“I am but the face of what we believe is the overwhelming demand of our people to repudiate everything wrong in this administration”
— Benigno Aquino, 2010
The bespectacled, unassuming man addressed the crowd, “I will not only not steal, but I’ll have the corrupt arrested.” As loud cheering erupted, Benigno ‘Noynoy’ Aquino, the new President of the Philippines, smiled. Clad in yellow, the trademark color of the Aquino family, Noynoy personifies everything untainted and fair, the democratic face of a new beginning in the Philippines. Soon to take his oath, Aquino has already won the hearts of the majority with his clean background and determined pledges to create a better future for the country.
Prior to running for the presidential elections, Aquino was a senator known for introducing small but significant changes. His reform bills stressed accountability, whether it involved enforcing minimum wage policies or pressing for the valuation of property according to international standards. A bill named House Resolution No.788 is one of Aquino’s most noteworthy, creating a Congressional Oversight Committee to ensure that government agencies use intelligence funds in the right manner. The Preservation of Public Infrastructures, another bill, disciplined contractors who were involved with faulty and low quality construction.
Yet, Aquino’s past accomplishments seem overshadowed by the mere aura of his name. The economics graduate comes from the much revered Aquino family, with a deep-seated reputation for championing democracy and fighting corruption. For a country mired in bureaucratic red tape, that speaks volumes. Aquino’s father, Benigno ‘Ninoy’ Aquino Jr., was assassinated in 1983, the victim in a fight for democracy, when the country was gripped by the iron fist of dictator Ferdinand Marcos. Taking up the mantle, his mother Corazon ‘Cory’ Aquino, transformed herself from a quiet housewife into the fiery leader of the now legendary People Power Revolution that ousted Marcos in 1986.
Aquino was initially a part of the corporate world, working in various family businesses but his heart was always in politics, leading him to become a Senator.
Aquino has himself been the target in one of the many assassination attempts on his family. He survived a five-bullet wound, with one bullet purportedly still lodged in his neck as a reminder of a bloody past. But this has not shaken him. Aquino decided to run for the election after witnessing the overwhelming public outpouring of grief when his mother passed away last year from cancer. Referring to his parents in an interview with TIME, Aquino explained, “They made automatic in me the preference to take up the cudgels for those who have less in life, for the powerless. Why should I veer away from their footprints?”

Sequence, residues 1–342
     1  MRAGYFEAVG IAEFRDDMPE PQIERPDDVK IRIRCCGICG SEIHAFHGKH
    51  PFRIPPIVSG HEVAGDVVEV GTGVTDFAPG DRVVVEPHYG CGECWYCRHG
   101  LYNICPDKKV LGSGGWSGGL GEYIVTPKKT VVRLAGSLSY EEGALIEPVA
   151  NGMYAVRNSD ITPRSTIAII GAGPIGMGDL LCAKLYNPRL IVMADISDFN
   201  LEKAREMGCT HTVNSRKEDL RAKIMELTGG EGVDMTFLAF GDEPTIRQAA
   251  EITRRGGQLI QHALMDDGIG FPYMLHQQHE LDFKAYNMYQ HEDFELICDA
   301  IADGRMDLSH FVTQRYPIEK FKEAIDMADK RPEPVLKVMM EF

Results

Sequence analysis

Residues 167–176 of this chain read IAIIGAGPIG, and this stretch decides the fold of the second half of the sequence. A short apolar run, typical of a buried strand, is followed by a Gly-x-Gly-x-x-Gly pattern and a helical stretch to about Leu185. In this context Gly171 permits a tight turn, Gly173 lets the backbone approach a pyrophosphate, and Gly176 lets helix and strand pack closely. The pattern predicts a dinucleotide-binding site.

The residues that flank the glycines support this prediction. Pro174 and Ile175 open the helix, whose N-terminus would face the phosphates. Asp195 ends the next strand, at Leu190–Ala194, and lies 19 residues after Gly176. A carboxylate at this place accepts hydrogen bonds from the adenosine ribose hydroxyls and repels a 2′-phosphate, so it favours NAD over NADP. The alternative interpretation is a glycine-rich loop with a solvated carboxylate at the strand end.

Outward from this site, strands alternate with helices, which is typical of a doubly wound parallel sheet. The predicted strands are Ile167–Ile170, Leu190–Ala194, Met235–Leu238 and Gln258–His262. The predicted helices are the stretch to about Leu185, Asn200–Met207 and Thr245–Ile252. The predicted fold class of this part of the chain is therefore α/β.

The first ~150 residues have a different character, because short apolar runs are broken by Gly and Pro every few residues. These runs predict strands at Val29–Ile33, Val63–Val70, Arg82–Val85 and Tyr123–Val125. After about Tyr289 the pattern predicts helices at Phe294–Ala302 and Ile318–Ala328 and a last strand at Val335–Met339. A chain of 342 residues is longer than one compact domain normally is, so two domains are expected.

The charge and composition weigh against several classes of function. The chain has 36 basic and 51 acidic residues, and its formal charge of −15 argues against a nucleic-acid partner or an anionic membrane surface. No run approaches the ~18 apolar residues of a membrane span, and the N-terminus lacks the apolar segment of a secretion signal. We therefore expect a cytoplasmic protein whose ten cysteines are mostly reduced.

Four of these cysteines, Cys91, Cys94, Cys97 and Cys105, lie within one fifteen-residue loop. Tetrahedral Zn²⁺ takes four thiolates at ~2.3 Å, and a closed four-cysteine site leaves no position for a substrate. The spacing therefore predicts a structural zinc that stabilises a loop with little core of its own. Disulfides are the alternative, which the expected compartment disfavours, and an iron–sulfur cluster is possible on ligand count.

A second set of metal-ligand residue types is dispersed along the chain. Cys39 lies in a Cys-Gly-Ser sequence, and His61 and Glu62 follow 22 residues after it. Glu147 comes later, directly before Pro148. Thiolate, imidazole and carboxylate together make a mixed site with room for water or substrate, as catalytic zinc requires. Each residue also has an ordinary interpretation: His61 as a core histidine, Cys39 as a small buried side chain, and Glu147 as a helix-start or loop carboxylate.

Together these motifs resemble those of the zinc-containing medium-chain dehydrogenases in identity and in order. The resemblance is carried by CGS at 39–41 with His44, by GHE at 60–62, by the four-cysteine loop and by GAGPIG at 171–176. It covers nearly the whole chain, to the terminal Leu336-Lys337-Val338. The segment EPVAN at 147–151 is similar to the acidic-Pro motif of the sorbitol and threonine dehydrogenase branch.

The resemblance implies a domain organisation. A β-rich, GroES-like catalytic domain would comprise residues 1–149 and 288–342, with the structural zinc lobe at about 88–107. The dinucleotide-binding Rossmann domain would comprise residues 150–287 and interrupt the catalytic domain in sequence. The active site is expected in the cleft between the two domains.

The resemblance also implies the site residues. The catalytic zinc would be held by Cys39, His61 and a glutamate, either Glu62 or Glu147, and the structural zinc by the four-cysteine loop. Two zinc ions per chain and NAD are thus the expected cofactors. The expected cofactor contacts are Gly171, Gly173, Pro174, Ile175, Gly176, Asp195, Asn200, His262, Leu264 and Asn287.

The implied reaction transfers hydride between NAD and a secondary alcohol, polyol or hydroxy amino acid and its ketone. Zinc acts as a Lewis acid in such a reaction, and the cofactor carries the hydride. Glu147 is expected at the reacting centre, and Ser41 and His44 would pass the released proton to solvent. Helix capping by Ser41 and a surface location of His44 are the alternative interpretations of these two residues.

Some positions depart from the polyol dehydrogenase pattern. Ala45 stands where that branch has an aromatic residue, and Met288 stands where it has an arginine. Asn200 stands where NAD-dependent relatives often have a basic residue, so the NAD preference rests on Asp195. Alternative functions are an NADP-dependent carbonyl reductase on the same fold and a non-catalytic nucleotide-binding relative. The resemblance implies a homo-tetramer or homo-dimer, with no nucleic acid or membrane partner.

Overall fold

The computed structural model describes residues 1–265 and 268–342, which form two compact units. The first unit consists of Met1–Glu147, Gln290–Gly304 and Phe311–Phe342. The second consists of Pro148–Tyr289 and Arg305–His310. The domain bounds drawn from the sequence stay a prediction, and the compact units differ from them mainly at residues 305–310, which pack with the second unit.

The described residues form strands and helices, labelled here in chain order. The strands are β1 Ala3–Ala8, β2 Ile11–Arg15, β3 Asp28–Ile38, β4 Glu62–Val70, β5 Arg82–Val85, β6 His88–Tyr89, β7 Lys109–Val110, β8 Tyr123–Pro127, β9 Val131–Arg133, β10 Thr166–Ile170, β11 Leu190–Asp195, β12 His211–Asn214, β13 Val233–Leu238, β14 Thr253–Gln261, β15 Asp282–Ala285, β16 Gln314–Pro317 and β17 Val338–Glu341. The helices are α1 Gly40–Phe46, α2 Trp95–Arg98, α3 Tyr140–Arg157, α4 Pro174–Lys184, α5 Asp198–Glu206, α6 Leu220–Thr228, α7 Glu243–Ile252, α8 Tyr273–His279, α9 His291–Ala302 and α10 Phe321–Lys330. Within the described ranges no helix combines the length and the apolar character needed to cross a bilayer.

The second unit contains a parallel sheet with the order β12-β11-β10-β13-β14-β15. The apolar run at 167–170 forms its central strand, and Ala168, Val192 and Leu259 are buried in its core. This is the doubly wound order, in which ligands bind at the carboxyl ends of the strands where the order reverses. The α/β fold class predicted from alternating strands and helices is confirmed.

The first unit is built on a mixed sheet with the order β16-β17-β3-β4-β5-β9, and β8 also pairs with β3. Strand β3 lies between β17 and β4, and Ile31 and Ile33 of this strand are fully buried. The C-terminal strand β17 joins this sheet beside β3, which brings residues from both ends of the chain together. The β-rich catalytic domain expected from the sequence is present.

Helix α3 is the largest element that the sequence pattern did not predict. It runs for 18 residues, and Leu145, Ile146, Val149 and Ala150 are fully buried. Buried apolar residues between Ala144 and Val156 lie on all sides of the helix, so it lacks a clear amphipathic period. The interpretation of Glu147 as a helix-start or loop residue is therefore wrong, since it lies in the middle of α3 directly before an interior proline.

Now that Aquino is beginning to emerge from the powerful shadow of his parents, he faces many daunting tasks. In the 1950s, the Philippines was the second richest country in Asia, a status crushed under the foot of Marcos, whose regime was known for corruption, monopolies and tacit collusions. While much ground has been recovered over the years, especially under outgoing President Gloria Macapagal Arroyo, rough corners still remain to be polished.
Today, the Philippines is one of the poorest countries in Asia and is currently straining under the burden of a $6.6 billion dollar budget deficit. The country is faced with frequent political insurgencies, widespread poverty, and rampant corruption. To rejuvenate the economy, jobs must be created, the gap must be narrowed between the rich and the poor, and education must be improved. These issues were the drivers behind Aquino’s political campaign. His chief slogan, “With No Corruption, There’s No Poverty,” captured the hopes and votes of the people.
However, doubts abound as to whether the mild-mannered 50-year-old Aquino will survive in the highly treacherous waters of Philippine politics. The skeptics point out that Aquino’s runaway success in the election may have been the result of the lingering emotion after his mother’s death. Others observe that Filipinos were lured by the honesty and democratic ideals that burnish the Aquino name.
It cannot be denied that to some extent these sentiments did assure Aquino a crowd of support. Still, Noynoy will be closely watched to see if he will live up to the promise of brand Aquino. Remaining unfazed, he told CNN calmly, “I’m accepting the challenge to lead this fight.”
And fight he will. Indeed, all along the campaign trail he recurrently flashed the ‘L’ sign for ‘laban,’ which means fight, first used by his mother. Now, it is the junior Aquino’s turn to carve out his own legacy, in a country long waiting for some much needed changes.
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© Thomas White International, Ltd. 2018